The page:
The graves of dimbaza and the empire of liberation

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This paper focuses on the ambiguous, contradictory and montaged space of Dimbaza in the former Ciskei bantustan of the Eastern Cape, figured simultaneously as homeland resettlement village, betterment rural township, decentralised industrialisation showcase, site of political banishment, international symbol of apartheid difference and as graveyard of the racially discarded, among others. Drawing on empire as the dependent space to command sovereignty, the paper considers Dimbaza in terms of South African empire. While it is suggested that as a means to re-figure the South African political, the bantustan may be read as a mark of a South African empire ‘project’, the paper is more concerned to ‘think with empire as a theoretical concept’. The paper draws on the elements of knowledge susceptible to being assembled by historical imagination – written documents, letters in the International Defence and Aid Fund (IDAF) Collection, contemporary testimonies, and visual sources (including the important film documentary Last Grave at Dimbaza) – and which constitute or resist the native/racial/ethnic/ African subject (and thus are seen to exemplify the racial spatial command of the sovereign). We assemble these in relation to seemingly antagonistic historical formulations, particularly ‘colonialism of a special type’ and the politics of exile and liberation. We propose that, rather than returning us to South African ‘empire’ as a totality, the term offers us multiple singularities that allow us to consider the imaginative formulation of the ‘empire of liberation’ as a dependent space that continues to command sovereignty within the ‘native question’.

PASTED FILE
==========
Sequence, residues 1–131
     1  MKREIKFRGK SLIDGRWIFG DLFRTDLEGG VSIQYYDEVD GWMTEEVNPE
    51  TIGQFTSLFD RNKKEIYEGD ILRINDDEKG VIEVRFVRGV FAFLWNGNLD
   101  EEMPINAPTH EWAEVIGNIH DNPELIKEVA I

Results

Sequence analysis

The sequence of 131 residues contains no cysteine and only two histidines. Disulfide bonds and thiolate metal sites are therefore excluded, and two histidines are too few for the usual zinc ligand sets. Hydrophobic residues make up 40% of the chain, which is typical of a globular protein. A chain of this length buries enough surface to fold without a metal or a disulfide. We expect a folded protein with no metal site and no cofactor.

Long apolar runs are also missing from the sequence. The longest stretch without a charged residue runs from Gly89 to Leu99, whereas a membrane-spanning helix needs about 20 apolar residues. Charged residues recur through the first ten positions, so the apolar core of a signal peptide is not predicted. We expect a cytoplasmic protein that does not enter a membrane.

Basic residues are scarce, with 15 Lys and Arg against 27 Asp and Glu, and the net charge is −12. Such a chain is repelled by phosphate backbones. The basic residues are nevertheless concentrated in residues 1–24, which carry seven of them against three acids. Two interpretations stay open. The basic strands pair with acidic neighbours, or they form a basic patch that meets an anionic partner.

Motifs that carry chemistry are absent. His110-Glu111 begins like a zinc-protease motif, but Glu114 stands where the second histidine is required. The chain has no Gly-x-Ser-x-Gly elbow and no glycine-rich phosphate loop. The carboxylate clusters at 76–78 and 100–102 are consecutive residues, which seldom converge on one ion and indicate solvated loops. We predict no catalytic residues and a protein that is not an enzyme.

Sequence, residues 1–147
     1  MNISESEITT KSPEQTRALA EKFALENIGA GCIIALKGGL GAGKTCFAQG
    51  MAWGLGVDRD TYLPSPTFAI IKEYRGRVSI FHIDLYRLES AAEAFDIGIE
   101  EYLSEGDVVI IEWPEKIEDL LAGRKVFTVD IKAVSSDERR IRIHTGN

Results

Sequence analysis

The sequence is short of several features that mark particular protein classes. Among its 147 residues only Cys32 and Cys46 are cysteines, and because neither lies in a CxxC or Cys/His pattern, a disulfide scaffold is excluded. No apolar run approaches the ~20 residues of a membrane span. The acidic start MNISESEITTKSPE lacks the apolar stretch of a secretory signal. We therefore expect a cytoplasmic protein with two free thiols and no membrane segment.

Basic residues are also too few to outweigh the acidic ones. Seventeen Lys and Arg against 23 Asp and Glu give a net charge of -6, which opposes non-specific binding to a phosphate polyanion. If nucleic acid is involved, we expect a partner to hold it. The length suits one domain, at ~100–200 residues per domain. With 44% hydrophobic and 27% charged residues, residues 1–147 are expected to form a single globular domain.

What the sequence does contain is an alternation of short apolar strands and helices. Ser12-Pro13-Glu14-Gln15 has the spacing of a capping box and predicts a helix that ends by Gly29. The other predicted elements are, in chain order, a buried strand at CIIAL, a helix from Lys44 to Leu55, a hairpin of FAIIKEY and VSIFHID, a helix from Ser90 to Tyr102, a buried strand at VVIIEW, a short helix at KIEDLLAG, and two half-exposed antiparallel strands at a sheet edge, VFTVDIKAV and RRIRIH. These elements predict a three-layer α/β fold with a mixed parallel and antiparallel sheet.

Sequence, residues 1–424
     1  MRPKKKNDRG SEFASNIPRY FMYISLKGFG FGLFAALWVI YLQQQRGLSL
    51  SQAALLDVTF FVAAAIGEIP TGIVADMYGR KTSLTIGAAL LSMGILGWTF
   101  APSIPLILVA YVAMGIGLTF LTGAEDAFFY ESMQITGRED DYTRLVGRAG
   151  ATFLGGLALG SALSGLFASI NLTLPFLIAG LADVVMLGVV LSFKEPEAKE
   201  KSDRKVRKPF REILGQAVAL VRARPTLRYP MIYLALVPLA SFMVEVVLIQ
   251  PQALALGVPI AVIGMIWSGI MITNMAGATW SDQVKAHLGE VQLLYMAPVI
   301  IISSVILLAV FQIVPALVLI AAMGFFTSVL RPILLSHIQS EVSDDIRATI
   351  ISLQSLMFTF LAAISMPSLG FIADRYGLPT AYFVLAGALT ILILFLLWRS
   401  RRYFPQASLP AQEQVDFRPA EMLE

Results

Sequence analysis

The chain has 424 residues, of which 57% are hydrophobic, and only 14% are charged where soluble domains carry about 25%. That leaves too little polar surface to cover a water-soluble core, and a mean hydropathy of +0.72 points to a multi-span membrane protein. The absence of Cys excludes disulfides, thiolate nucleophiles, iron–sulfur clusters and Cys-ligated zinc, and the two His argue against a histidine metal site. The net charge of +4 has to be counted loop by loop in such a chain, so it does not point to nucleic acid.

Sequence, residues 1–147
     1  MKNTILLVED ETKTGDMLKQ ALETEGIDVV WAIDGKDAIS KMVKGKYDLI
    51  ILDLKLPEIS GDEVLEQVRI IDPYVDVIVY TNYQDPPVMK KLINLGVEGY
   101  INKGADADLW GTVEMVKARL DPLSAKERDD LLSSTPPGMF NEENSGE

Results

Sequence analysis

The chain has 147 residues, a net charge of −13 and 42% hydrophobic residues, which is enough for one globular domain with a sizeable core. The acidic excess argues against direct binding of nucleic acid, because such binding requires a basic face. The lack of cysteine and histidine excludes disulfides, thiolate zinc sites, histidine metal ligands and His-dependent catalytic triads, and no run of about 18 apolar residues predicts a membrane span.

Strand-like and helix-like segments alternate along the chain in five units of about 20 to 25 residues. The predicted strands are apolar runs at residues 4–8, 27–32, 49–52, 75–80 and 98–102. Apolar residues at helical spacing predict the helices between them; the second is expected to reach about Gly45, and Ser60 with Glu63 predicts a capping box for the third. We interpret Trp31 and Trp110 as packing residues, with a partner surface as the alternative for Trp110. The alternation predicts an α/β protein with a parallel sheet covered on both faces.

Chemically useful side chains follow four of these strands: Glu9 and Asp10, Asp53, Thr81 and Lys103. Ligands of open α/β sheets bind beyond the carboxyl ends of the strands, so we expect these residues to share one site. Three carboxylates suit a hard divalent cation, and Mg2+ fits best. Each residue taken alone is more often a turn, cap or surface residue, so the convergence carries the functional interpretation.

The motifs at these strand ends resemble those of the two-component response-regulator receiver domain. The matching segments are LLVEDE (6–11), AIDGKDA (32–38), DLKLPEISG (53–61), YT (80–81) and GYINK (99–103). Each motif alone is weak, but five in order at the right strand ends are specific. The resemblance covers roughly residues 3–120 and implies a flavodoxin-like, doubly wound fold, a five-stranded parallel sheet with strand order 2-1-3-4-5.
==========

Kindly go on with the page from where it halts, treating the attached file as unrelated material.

Original languageEnglish (US)
Pages (from-to)617-634
Number of pages18
JournalJournal of Southern African Studies
Issue number3
StatePublished - May 4 2015

Bibliographical note

Funding Information:
*This paper has, the usual disclaimers notwithstanding, benefited from Leslie Witz’s wisdom, an ongoing conversation with Premesh Lalu, and Giorgio Miescher, Lorena Rizzio and Dag Henrichsen’s initial prompting of these questions and subsequent critical engagements with these ideas. We would like to acknowledge the continuing contributions of the National Research Foundation (NRF) and its support of the South Africa Research Chairs Initiative (SARChI) Chair in Social Change at the University of Fort Hare, the Centre for Humanities at the University of the Western Cape (UWC), and the Interdisciplinary Center for the Study of Global Change (ICGC) at the University of Minnesota for the support of the ICGC/UWC Mellon Research Chair. 1 CST was first articulated by the CPSA in ‘The South African Question’ (1928 Resolution adopted by the Executive Committee of the Communist International), Appendix to A. Lerumo, Fifty Fighting Years: The South African Communist Party 1921–1971 (London, Inkululeko Publications, 1971) (hereafter CPSA, ‘The South African Question’), pp. 126–32.

Publisher Copyright:
© 2015 The Editorial Board of the Journal of Southern African Studies.


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